NHS Study Investigates CytoSure Constitutional v3 Array for Developmental Disorder Research
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A new study has identified that the CytoSure™ Constitutional v3 array design could have potential use as a powerful tool for detection of small pathogenic intragenic deletions and duplications in developmental disorder research.
In a recent npj Genomic Medicine paper, Oxford Gene Technology’s (OGT - A Sysmex Group Company) CytoSure™ Constitutional v3 array design was shown to significantly improve reporting rate and to have potential use as a powerful tool for detection of small pathogenic intragenic deletions and duplications in developmental disorder (DD) research. The study was led by a consortium of NHS genomic medicine centers in the UK and compared the enhanced exon-level gene coverage of the v3 array to a conventional array design.
The study consisted of a large cohort of 27,756 patient samples. These were investigated with either OGT’s exon targeted CytoSure Constitutional v3 array, based on up-to-date content from the Deciphering Developmental Disorders (DDD) study and ClinGen (Clinical Genome Resource), or a conventional array design based on content from the ISCA (International Standards for Cytogenomic Arrays) consortium with a large number of backbone probes and gene coverage based on an earlier version DD/ID databases.
The results demonstrated that the v3 array had a significant increase in reporting rate of 4.49%, confirming that the enhanced, targeted exon-level coverage design enables more reportable copy number variations (CNVs) to be identified than with traditional arrays. The authors of the paper believe the findings of the research will help to enable clinical researchers to assess optimal testing pathways when integrating genomics into labs. They also note that targeted arrays offer robust CNV detection and provide a stable, proven platform with both simple data analysis and minimal demands on bioinformatics.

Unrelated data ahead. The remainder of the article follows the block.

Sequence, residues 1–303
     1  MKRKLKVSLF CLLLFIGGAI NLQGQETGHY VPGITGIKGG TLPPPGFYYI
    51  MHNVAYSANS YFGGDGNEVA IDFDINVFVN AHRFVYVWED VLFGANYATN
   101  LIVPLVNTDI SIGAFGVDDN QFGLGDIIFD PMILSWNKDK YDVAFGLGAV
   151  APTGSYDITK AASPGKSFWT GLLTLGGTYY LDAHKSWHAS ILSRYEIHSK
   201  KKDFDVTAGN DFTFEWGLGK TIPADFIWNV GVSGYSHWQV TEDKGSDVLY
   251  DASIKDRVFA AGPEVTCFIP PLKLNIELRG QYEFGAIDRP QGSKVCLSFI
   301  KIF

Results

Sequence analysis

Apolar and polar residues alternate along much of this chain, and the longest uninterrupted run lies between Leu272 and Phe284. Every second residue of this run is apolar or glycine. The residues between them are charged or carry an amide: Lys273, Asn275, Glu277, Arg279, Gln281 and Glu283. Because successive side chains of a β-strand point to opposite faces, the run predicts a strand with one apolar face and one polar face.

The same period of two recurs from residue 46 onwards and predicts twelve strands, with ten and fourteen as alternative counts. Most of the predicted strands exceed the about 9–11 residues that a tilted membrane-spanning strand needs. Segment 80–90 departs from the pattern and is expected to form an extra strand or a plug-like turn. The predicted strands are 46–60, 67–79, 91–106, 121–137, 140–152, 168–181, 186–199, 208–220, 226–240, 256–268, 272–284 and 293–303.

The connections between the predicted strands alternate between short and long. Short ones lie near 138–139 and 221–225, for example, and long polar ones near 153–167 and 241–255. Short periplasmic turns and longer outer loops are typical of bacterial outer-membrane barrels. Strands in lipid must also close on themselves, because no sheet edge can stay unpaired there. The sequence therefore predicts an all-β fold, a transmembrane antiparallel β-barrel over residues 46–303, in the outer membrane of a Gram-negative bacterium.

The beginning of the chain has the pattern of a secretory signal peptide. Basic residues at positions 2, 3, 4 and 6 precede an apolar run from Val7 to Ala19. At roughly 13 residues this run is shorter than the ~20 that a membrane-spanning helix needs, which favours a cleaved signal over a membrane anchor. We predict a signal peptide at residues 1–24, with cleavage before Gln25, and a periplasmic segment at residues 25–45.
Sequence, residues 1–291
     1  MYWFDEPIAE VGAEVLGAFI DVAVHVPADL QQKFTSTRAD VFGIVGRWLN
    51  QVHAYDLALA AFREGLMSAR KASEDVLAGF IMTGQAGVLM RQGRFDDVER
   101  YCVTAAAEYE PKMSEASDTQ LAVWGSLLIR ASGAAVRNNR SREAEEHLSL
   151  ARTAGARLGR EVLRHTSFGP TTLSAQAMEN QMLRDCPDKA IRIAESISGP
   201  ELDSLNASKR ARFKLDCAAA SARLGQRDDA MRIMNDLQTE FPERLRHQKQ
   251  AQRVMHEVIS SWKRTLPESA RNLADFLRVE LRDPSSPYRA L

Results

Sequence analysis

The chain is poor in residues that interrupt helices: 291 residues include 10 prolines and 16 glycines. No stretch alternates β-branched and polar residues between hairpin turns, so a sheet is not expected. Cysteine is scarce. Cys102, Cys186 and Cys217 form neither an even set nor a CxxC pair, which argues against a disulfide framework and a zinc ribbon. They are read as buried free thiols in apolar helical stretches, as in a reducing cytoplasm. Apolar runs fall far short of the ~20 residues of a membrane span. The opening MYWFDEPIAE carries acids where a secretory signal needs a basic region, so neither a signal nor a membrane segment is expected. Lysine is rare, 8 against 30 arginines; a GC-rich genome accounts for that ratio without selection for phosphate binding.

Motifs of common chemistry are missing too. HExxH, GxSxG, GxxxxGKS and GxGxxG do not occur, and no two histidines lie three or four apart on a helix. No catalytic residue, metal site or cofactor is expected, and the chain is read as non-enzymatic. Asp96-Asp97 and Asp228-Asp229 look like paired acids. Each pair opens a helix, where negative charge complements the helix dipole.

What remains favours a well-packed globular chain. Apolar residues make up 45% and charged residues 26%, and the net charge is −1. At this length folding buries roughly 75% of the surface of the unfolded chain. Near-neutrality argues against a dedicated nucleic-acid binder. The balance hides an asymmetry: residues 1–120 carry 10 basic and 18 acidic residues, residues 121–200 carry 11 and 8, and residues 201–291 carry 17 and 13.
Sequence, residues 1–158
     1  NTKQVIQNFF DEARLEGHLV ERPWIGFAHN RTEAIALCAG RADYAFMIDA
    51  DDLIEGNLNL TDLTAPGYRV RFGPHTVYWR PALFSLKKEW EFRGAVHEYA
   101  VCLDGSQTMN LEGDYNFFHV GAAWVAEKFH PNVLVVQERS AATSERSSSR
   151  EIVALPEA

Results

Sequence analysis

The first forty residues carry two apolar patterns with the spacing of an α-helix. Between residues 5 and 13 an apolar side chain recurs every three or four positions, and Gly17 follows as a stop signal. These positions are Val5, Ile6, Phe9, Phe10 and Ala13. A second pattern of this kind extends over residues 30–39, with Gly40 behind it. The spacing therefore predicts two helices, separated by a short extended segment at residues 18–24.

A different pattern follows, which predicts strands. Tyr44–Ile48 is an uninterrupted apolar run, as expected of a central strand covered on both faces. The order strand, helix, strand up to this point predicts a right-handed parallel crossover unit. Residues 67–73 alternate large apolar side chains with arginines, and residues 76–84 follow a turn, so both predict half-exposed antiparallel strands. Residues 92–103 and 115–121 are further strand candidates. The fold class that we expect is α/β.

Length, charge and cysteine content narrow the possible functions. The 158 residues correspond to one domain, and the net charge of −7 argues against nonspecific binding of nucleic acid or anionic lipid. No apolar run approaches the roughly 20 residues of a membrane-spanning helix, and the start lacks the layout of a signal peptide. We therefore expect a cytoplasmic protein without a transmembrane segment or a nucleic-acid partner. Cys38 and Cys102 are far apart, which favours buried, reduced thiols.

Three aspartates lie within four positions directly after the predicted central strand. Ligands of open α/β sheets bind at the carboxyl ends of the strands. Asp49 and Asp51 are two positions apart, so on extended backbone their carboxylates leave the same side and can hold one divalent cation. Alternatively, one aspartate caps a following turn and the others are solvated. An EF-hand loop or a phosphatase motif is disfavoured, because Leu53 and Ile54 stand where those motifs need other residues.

Lead author Jana Jezkova from the All Wales Medical Genomics Service, Cardiff and Vale University Health Board, Cardiff noted “In this paper, we evaluated the performance of a targeted oligonucleotide array CGH with enhanced exon-level coverage of genes associated with developmental disorders (CytoSure Constitutional v3). The study was conducted across multiple genomic medicine centres in a state-funded routine National Health Service (NHS) setting. Our results show that this array design leads to a significant improvement in reporting rate and provides a powerful tool for detection of small pathogenic intragenic deletions and duplications in the clinical setting. Although next generation sequencing is increasingly being used to simultaneously identify copy number changes along with single nucleotide variants, at this time, targeted arrays offer a robust method of copy number detection and offer a stable, proven platform with simple data analysis and minimal demands on bioinformatics capacity. Given the drive towards national genomic-medicine initiatives to provide consistent and equitable care for patients, we believe that the findings presented in our paper will appeal to publicly funded laboratories as well as genetics teams and referring clinicians. Our findings will allow the readers to assess optimal analysis pathways when integrating genomics into healthcare.”
OGT’s CytoSure Constitutional v3 arrays feature the most up-to-date and relevant ID/DD content with probes for up to 502 highly-targeted genes identified by ClinGen and the DDD project—enabling detection of single exon aberrations. OGT’s array design delivers high probe density across the exons and introns of important genes that enables improved detection of small (<500bp) deletions and duplications that may otherwise be missed or require manual calling on other older array designs.